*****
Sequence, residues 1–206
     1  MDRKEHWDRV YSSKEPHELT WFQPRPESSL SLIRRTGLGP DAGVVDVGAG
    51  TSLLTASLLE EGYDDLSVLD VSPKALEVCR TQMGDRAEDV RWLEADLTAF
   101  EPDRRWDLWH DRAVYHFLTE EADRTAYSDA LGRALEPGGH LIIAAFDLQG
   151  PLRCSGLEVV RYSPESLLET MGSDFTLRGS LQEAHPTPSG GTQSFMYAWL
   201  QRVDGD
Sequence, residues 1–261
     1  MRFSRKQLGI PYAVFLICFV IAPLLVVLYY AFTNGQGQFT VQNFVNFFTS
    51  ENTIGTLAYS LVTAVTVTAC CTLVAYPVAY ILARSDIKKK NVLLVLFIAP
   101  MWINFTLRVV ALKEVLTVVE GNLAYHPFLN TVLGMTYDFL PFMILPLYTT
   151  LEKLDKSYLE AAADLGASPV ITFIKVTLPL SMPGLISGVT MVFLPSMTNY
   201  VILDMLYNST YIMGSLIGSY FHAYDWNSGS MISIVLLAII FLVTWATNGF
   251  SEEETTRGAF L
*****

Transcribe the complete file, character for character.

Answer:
Sequence, residues 1–206
     1  MDRKEHWDRV YSSKEPHELT WFQPRPESSL SLIRRTGLGP DAGVVDVGAG
    51  TSLLTASLLE EGYDDLSVLD VSPKALEVCR TQMGDRAEDV RWLEADLTAF
   101  EPDRRWDLWH DRAVYHFLTE EADRTAYSDA LGRALEPGGH LIIAAFDLQG
   151  PLRCSGLEVV RYSPESLLET MGSDFTLRGS LQEAHPTPSG GTQSFMYAWL
   201  QRVDGD
Sequence, residues 1–261
     1  MRFSRKQLGI PYAVFLICFV IAPLLVVLYY AFTNGQGQFT VQNFVNFFTS
    51  ENTIGTLAYS LVTAVTVTAC CTLVAYPVAY ILARSDIKKK NVLLVLFIAP
   101  MWINFTLRVV ALKEVLTVVE GNLAYHPFLN TVLGMTYDFL PFMILPLYTT
   151  LEKLDKSYLE AAADLGASPV ITFIKVTLPL SMPGLISGVT MVFLPSMTNY
   201  VILDMLYNST YIMGSLIGSY FHAYDWNSGS MISIVLLAII FLVTWATNGF
   251  SEEETTRGAF L